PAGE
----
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Land laid waste by coal is reborn as cultural garden

By Zheng Jinran in Taiyuan | China Daily | Updated: 2017-10-31 07:45

 Land laid waste by coal is reborn as cultural garden

A coal mine waste dump in Yangquan, Shanxi province, before and after its cleanup. More than 20 such areas in the city have been turned into leisure parks since 2000. Xinhua

Traditional mining area shifts its focus to improving environment

Longquan Buddha Cultural Garden is a cluster of temples, recreational areas and tree-filled fields about 9 kilometers from downtown Taiyuan, the largest city in coal-rich Shanxi province. It is a popular spot for residents to enjoy the outdoors on a sunny afternoon.

Seeing it today, it's hard to imagine that as little as five years ago the entire area was covered in toxic waste.

For five decades after 1962, the 14.3-hectare site in Shentanggou village was used to dump 4.5 million metric tons of waste from the Xiyu Coal Mine.

Spontaneous fires were common, while strong winds would often send dust flying and contaminating the air, water and soil, according to Wang Kechao, head of the mine, which is part of Shanxi Zhenghua Group.

In 2009, to bring the severe pollution under control, Wang said, the company teamed up with the Shanxi government in a cleanup drive that included compacting the waste, laying down clean soil and introducing seepage controls.

"The beautiful garden and new temples have been built for residents and visitors, making it a new attraction," Wang said, adding that visitors to the nearby hot springs have also increased since the cleanup.

This year, the government of Shanxi, the country's major coal supplier, said it plans to spend 2 billion yuan ($300 million) to start another 53 projects that will turn coal wastelands into desirable environments.

"Shanxi has imposed tougher restrictions and reduced the solid waste generated by industry, and is now recovering contaminated areas in order to protect the environment," vice-governor He Tiancai said on Sept 12 at the Trans-Century Tour of Chinese Environmental Protection, an event organized by the Environment and Resources Committee of the National People's Congress.

By the end of 2015, Shanxi had 270 billion tons of known coal reserves, accounting for 17.3 percent of the national total, the third-largest after the Inner Mongolia and Xinjiang Uygur autonomous regions.

Decades of mining and industrial production have generated huge amounts of solid waste, mainly coal gangue - a waste product from the extraction process - as well as slag, devulcanized gypsum and fine particles called fly ash that are expelled in flue gases, all of which get into the air, water and soil.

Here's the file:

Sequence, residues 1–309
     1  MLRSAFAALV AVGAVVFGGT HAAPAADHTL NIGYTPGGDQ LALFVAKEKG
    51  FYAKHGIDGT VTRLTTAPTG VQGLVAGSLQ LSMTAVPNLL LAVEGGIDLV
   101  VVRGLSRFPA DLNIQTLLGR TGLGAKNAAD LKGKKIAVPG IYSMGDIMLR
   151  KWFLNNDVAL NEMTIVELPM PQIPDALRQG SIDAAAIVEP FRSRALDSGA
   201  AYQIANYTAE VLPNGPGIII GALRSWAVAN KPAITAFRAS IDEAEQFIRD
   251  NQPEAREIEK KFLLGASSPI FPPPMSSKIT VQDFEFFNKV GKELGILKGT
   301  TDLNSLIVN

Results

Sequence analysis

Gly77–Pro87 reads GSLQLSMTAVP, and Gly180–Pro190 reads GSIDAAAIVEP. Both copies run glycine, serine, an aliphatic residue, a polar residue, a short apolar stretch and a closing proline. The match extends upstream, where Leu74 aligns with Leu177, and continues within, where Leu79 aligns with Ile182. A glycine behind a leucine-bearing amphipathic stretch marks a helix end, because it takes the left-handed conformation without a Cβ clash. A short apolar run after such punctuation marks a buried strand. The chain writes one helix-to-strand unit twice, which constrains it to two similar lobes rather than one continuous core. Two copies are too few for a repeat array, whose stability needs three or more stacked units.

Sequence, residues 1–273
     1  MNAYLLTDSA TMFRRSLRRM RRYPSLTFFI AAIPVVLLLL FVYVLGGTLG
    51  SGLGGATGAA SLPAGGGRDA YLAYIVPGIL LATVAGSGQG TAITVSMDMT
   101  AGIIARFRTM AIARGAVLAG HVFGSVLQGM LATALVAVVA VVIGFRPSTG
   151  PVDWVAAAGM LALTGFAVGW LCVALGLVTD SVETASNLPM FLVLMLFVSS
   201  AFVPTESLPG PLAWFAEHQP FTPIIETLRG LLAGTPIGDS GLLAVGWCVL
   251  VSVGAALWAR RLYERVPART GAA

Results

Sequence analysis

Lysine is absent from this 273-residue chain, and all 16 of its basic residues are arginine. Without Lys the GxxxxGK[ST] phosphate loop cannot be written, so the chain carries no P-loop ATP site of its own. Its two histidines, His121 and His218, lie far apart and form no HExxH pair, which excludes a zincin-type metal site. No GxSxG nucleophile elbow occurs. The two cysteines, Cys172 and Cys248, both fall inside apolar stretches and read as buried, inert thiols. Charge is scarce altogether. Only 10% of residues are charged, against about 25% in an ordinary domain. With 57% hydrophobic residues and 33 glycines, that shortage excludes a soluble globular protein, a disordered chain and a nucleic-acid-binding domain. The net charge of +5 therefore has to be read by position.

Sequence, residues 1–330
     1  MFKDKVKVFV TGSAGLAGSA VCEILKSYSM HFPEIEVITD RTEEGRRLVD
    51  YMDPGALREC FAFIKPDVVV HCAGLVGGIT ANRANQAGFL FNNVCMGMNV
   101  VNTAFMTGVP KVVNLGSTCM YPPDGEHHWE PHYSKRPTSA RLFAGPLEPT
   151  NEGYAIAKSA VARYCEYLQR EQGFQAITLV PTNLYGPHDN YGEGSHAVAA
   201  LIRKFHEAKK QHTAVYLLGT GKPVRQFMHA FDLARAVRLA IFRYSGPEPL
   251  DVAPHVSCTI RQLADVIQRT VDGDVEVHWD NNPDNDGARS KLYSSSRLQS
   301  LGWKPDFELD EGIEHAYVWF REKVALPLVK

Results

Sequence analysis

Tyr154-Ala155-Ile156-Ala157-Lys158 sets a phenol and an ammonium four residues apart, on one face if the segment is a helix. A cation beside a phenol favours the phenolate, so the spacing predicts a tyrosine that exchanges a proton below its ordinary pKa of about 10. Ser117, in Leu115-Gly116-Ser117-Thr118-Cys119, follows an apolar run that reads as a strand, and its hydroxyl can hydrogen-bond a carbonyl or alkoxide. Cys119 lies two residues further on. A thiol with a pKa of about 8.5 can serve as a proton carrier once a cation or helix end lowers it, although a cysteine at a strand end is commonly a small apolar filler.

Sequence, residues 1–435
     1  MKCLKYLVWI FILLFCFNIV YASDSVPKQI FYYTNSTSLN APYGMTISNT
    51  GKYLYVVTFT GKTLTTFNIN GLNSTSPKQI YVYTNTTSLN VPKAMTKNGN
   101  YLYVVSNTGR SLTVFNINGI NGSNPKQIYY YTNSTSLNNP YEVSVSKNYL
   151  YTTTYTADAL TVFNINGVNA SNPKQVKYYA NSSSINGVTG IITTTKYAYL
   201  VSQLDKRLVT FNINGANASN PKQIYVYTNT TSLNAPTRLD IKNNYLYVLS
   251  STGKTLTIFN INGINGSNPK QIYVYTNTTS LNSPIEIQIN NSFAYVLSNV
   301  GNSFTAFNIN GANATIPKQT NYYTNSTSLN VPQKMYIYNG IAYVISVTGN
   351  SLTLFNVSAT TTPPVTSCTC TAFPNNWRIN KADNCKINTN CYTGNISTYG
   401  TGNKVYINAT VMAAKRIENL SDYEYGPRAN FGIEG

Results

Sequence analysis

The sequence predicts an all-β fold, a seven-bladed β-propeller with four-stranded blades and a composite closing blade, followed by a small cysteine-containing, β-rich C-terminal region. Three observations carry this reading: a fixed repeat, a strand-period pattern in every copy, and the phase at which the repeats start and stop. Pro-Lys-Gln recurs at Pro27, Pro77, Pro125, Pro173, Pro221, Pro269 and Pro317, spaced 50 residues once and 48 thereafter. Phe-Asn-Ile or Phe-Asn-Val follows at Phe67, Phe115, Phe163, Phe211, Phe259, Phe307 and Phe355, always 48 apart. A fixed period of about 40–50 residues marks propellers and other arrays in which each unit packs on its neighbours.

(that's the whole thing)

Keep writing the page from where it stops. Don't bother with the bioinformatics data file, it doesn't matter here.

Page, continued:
The province cut coal output by 143 million tons last year, which directly reduced coal gangue by 14 million tons, according to government data.

"We also saw 66.1 percent of solid waste processed in 2016, an increase of 44.1 percentage points from 2005," He said. "By 2020, it will rise to 70 percent."

Land laid waste by coal is reborn as cultural garden

Transforming waste piles into gardens is just one of the measures to deal with solid waste. Other major approaches include recycling and processing into construction materials, which transformed over 123 million tons of waste last year.

For example, 24.6 million tons, or 65 percent, of fly ash - mainly from coal-fired power plants - was used to make construction materials such as bricks and cement, said Zhang Zhanxiang, deputy director of the Shanxi Economic and Information Committee.

He added that 17 million tons, or 84 percent, of the slag - a byproduct of the smelting process at iron and steel plants - was processed and added to cement and other construction materials.

But the plants processing solid waste face problems such as low profits, a long wait for a return on initial investment and a lack of development momentum, making people reluctant to invest, according to the economic committee.

"No matter what we face, the controls on solid waste pollution will not be relaxed," the vice-governor said, adding that efforts to improve the environment will be stepped up because of increased attention from the public and the central government.

The State Council released a guideline on Sept 11 supporting the economic transformation of Shanxi. It states that by 2020, coal-related industries, including mining and rough cutting, will be reduced and strategic emerging industries will be increased with more investment in research.

It means the traditional coal industries - former economic pillars - will contribute less to the economy, while clean production is encouraged.

Shanxi will see an improving economic structure, which will provide residents with a better environment, He added.

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